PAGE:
U.S. airlines have recently hit some ethical turbulence, beginning last month when United Airlines personnel physically dragged a passenger from an overbooked flight and culminating last week when a “near riot” broke out in Fort Lauderdale after Spirit Airlines canceled 11 flights during a labor dispute with its pilots. The public has become increasingly critical of air travel.
Yet the business community seems to disincentivize airlines from pursuing a more ethics-forward approach. When American Airlines gave pay raises to its pilots and flight attendants ahead of contract negotiations, Wall Street analysts complained about the prioritization of labor over shareholders and exacted punishment on AAL’s stock price. The flight attendants’ union countered with a petition pointing out that shareholders have received ample compensation over the last three years.
The shareholder value model (e.g., Rappaport, 1986), which posits that corporate strategy should revolve around increasing investor returns, began to gain steam in the 1980s, encouraging malfeasant earnings management practices that led to numerous corporate scandals such as Enron’s infamous bankruptcy in 2001 (Dobbin & Zorn, 2005). But even in its infancy, the shareholder value model was challenged by stakeholder theory, which takes into account all parties with a stake in the firm, including customers, suppliers, owners, managers, employees, and even communities (Freeman, 1984).
In short, stakeholder theory presents an opportunity to infuse business analysis with ethical standards (Freeman, 2015). Nevertheless, shareholder value retains a tenacious hold on the minds of investors. At Ethical Systems, we contend that these two approaches should go hand in hand, because good ethics is good for business. In fact, there is evidence that shareholder value is improved by bettering relationships with primary stakeholders (Hillman & Keim, 2001) and may be positively influenced by customer satisfaction (Anderson, Fornell, & Mazvancheryl, 2004). Even CSR activities aimed at secondary stakeholders or society at large may enhance shareholder value by furnishing goodwill and insurance-like protection from negative events (Godfrey, Merrill, & Hansen, 2008).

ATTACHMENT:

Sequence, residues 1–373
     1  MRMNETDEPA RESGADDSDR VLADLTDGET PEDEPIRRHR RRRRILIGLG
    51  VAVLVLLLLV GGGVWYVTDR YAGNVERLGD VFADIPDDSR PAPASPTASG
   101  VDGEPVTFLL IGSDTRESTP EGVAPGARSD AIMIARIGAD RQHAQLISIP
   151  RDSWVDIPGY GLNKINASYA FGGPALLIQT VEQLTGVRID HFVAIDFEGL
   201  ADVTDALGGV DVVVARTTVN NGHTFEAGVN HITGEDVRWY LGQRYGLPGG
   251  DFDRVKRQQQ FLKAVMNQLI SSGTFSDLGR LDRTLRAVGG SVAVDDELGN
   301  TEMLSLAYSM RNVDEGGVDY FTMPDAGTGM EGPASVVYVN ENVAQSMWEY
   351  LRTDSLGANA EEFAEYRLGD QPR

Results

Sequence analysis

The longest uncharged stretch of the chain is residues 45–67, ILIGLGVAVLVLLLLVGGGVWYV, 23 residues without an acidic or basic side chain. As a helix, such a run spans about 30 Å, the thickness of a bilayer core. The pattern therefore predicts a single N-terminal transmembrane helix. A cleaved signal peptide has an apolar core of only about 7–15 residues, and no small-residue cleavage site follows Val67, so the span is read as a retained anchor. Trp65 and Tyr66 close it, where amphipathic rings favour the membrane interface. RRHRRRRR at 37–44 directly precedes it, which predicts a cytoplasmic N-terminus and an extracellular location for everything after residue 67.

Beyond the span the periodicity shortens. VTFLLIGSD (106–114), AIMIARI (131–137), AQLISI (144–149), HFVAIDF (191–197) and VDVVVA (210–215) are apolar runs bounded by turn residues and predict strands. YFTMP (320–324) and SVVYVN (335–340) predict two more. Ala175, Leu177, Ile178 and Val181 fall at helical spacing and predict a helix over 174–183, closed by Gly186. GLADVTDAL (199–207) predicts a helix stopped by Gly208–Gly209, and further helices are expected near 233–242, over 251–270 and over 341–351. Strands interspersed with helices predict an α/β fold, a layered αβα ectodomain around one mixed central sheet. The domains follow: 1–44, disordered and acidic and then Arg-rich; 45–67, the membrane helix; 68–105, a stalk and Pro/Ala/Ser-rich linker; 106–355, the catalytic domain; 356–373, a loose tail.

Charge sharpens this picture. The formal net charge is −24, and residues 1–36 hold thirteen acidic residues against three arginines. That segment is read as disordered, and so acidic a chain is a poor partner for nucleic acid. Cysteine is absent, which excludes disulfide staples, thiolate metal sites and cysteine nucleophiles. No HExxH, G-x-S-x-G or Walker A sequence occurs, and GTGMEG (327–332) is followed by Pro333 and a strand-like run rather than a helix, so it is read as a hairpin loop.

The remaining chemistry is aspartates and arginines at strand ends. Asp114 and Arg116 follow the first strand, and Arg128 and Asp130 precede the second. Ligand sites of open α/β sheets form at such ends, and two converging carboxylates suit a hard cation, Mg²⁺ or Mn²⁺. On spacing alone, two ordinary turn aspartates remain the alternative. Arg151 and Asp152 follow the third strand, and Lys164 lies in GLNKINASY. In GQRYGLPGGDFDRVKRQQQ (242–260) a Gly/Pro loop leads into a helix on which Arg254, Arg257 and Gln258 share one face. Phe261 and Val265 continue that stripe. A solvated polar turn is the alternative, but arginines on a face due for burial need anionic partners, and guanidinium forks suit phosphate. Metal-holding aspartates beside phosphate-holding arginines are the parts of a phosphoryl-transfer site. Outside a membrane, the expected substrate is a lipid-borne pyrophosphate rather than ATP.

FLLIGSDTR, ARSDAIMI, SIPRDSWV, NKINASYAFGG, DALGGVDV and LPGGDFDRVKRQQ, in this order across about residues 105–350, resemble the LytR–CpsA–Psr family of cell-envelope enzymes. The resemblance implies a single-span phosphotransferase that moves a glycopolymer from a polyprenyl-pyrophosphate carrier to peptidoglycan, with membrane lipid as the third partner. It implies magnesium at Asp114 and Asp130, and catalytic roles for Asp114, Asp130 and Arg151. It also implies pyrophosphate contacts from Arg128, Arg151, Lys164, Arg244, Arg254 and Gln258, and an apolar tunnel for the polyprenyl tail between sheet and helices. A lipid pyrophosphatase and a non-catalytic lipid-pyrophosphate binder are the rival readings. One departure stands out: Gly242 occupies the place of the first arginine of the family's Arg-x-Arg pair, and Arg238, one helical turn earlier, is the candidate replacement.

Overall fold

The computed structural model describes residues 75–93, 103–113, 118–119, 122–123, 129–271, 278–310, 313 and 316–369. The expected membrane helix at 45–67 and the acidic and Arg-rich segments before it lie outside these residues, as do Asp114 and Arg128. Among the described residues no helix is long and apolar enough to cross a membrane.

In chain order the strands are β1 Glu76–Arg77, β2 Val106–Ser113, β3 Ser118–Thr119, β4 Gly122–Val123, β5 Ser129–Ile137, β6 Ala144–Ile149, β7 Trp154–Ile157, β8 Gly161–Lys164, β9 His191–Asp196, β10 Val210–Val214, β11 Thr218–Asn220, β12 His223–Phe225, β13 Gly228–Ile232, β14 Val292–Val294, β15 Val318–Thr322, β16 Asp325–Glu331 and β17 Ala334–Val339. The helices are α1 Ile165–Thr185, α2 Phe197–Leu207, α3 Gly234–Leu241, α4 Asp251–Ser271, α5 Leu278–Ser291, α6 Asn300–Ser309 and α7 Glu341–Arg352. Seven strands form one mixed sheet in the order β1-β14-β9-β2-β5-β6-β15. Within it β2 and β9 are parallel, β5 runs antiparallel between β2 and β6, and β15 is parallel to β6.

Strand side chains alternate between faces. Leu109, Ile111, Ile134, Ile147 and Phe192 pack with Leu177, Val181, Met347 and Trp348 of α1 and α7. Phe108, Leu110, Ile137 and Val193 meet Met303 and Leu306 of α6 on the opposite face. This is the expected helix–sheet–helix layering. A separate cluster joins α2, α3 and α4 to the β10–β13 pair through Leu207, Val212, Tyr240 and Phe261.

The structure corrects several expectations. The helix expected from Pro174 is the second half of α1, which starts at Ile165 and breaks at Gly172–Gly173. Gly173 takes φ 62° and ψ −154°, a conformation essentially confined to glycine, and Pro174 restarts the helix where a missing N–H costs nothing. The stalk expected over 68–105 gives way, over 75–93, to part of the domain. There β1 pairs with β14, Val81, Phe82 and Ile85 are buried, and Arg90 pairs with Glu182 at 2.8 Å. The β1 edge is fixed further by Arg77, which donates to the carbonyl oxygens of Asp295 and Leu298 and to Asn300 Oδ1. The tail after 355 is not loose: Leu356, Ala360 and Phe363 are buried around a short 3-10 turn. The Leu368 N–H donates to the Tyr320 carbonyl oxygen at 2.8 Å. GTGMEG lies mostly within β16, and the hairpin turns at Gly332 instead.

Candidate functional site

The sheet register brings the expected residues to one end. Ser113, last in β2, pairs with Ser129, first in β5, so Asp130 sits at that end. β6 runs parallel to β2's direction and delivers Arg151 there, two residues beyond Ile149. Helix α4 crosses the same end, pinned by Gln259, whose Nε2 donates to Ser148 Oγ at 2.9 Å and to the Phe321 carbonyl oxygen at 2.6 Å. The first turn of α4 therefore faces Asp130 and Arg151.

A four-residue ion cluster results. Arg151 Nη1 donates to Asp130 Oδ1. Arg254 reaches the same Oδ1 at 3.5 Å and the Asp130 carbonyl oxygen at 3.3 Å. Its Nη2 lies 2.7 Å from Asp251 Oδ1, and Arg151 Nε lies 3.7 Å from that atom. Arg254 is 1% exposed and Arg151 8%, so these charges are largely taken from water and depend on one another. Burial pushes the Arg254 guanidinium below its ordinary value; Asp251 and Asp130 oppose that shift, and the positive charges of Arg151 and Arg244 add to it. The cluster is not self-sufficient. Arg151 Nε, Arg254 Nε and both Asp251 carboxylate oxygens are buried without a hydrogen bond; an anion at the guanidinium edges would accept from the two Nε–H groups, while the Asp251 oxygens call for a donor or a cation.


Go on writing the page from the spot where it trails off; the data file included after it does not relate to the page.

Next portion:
If U.S. airlines (and corporations generally) wish to improve their long-term value, especially in an increasingly transparent global environment, they could do worse than to take an ethical orientation toward employees, customers, and stakeholders writ broad.
Ethics pays [research page]
- A Long Term Fix for Our Short Term Focus on Corporate Culture and Profits [blog]